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Hard Conversations - August Newsletter

Updated: Nov 6, 2023



Life has been just a bit glorious lately. I’ve been soaking up the frosty mornings and the sunny afternoons, spending lots of quality time with my beautiful 16mo (the best age, right?!) and my gorgeous Grandma (89 - an equally delightful age). One of the conversations I have regularly with my Grandma is about her memory. Like many ageing individuals, she worries a lot about the prospect of living with dementia. Whilst this isn’t something she currently lives with, it is estimated there are more than 400,000 Australians living with dementia, with this expected to increase to 800,000 by 2058. What I know through 13 years experience in the field, is that conversations surrounding dementia can be incredibly delicate and complex. Many people living with dementia may be unaware of their own decline, which can make seeking support difficult. I’ve worked with many clients who aren’t sure where to start and can feel nervous about opening this dialogue. For this reason, the theme I’ve chosen for August is ‘Hard Conversations’.


Hard Conversations in ageing can take many different forms. It might be encouraging your loved one to accept some help at home. It could be broaching discussions about moving permanently into a residential care facility. It may be gently assessing if the individual has insight into their own cognitive decline. So, what can you do about this? In my experience the keys to productive and positive Hard Conversations are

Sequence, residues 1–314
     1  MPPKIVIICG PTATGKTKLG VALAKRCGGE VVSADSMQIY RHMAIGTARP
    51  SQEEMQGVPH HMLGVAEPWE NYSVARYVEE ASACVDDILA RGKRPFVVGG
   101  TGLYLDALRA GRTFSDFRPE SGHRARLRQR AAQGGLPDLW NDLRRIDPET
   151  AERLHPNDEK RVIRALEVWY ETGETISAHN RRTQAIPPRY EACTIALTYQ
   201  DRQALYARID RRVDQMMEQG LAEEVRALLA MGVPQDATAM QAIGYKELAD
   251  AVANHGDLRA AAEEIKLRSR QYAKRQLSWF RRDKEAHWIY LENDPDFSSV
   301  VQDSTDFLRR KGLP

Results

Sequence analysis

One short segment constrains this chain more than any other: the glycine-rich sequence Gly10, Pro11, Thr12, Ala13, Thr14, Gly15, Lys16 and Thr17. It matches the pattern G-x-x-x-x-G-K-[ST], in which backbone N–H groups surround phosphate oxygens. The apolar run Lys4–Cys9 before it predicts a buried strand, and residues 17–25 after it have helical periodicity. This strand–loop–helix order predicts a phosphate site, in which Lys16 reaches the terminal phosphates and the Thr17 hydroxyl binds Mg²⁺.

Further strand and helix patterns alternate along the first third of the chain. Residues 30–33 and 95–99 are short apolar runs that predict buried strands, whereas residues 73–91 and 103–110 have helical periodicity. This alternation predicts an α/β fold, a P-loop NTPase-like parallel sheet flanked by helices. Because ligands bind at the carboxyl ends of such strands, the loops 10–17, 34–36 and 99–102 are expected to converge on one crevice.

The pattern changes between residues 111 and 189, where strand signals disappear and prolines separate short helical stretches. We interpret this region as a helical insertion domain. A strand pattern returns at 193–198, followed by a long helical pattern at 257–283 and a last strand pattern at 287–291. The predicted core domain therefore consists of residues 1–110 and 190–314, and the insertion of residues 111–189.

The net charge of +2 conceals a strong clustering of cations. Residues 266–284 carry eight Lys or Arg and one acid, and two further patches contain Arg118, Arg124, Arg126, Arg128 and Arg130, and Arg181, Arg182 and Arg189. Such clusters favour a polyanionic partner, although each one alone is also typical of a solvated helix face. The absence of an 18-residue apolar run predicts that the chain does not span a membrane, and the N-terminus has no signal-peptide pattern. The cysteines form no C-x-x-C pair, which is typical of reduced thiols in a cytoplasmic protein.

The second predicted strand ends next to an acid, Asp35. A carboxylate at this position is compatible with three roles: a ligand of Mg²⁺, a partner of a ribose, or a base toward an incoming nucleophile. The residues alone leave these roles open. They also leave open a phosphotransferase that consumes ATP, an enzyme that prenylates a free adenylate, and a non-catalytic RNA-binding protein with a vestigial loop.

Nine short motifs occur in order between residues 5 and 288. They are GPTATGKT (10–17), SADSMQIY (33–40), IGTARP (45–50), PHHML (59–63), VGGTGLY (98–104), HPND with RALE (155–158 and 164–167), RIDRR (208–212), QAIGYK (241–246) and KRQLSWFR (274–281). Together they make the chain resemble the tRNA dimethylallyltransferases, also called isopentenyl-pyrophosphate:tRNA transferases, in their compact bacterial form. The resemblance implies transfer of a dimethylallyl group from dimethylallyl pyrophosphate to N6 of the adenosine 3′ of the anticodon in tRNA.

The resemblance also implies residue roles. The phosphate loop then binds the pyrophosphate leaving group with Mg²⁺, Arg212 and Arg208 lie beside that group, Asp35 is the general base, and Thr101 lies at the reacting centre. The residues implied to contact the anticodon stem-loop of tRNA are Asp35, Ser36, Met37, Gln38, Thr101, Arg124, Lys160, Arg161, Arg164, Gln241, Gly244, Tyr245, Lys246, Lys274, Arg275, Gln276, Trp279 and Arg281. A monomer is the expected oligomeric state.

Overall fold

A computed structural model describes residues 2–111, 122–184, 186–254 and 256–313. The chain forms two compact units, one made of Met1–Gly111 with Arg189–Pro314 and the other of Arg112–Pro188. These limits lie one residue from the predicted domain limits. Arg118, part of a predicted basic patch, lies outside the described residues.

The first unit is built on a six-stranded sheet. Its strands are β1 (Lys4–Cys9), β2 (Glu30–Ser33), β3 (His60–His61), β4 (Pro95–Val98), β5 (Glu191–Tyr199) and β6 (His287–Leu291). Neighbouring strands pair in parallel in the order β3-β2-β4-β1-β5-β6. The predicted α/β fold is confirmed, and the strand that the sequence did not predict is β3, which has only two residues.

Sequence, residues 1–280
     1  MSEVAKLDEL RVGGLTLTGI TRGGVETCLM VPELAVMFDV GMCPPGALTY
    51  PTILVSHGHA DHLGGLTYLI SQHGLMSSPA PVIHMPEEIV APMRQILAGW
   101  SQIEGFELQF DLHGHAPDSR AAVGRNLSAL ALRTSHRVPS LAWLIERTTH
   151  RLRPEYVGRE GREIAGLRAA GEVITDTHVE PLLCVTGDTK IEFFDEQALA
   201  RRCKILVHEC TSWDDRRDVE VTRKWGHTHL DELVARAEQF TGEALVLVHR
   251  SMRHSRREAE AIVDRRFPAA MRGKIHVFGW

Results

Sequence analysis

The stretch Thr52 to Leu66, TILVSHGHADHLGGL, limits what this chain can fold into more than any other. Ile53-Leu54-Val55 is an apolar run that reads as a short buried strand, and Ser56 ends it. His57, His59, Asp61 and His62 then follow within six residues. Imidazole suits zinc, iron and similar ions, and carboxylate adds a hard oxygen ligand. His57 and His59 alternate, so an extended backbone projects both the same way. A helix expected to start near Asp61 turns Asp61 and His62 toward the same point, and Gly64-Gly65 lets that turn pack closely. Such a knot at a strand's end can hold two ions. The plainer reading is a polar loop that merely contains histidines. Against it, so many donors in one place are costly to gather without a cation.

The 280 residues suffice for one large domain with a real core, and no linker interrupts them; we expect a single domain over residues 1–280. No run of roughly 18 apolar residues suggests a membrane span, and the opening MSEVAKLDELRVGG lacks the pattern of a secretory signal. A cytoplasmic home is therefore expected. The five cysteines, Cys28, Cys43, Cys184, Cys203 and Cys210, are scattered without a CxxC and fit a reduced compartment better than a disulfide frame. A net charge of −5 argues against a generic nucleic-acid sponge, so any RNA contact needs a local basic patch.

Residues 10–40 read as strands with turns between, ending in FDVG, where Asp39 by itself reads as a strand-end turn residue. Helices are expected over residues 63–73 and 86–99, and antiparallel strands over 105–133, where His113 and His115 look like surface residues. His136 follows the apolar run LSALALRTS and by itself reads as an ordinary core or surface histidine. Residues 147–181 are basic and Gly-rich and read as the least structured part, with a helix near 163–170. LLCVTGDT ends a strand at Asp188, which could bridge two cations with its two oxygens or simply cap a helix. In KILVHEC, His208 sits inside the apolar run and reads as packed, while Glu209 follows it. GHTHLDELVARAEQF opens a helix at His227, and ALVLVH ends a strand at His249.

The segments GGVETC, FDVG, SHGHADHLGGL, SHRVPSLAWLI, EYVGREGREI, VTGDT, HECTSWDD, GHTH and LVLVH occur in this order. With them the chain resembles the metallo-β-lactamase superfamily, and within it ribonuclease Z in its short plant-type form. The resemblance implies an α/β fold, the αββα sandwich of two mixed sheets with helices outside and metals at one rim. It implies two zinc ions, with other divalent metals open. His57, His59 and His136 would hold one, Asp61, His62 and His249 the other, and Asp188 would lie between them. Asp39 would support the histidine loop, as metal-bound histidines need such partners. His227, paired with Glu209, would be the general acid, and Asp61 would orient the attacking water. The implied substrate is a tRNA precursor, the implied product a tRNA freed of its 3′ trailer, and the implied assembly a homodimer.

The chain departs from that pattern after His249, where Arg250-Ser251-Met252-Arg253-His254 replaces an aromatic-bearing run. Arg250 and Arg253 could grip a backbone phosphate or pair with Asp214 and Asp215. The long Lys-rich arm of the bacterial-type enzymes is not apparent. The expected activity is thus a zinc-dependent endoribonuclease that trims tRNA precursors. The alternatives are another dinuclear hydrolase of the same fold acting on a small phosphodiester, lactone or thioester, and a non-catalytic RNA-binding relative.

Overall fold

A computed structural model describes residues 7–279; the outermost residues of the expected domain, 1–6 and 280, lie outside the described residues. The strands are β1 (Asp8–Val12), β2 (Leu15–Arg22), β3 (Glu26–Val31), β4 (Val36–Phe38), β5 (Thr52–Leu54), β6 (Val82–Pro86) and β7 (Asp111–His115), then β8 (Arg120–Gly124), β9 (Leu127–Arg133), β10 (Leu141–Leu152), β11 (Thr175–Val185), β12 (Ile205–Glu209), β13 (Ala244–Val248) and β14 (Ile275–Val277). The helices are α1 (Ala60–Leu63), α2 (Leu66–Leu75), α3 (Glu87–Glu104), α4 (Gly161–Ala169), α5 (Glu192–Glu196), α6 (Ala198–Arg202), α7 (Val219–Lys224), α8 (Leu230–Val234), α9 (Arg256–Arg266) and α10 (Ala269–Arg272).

curiosity, empathy and goal-focused discussion. Nice buzz words, but what does that actually mean?! CURIOSITY Ask questions to understand what life is actually like for them. What are some of the delights of ageing? What are some of the challenging parts? How do you feel you’re managing at the moment? What brings you joy? What scares you about ageing? How do you go hanging the washing on the line? How’s your neighbour been since their fall? Get curious about their life and build an understanding of what their greatest strengths, challenges and worries are. EMPATHY Put yourself in their shoes. I imagine that must be really hard to accept help cleaning the home. That must have been incredibly tough giving up your drivers license - I know I would really struggle with that. I can’t imagine losing friends as they age, that must be heartbreaking. Get comfortable with talking about loss of any kind (independence, physical abilities, loved ones) and open up empathetic discussion. GOAL-FOCUSED DISCUSSION What do they ultimately want to achieve? I know you want to remain at home for as long as possible. For me to support you I think we should consider looking at some help with maintaining the home. I understand gardening brings you the most joy in life. So that we can ensure you can continue gardening, I think we should consider raising the garden beds. You’ve expressed how important it is for you to die at home. For this to happen, I think we should finalise your Advance Care Directive and be pro-active in sourcing a palliative care provider that meets your needs. Use your knowledge of their life (that you’ve ascertained through your curiosity), paired with some empathy to create goals that meet their needs.


I’ll be unpacking these themes in my August podcast episodes, which will be released on the 9th and 23rd of August. The podcast is called ‘The Truth About Ageing’ and can be found in your favourite podcast app - Apple Podcasts, Spotify etc. In the meantime, if you want to understand more about dementia I’ve linked a few of my previous podcast episodes below: All things Dementia - a general overview of the disease. 10 Warning Signs of Dementia - what to look out for. Behaviours with Dementia: Part One - how someone might present. Behaviours with Dementia: Part Two - how to support those behaviours. If you made it this far, congrats! I’ll try keep these newsletters juicy, but succinct. Big love, Kate.


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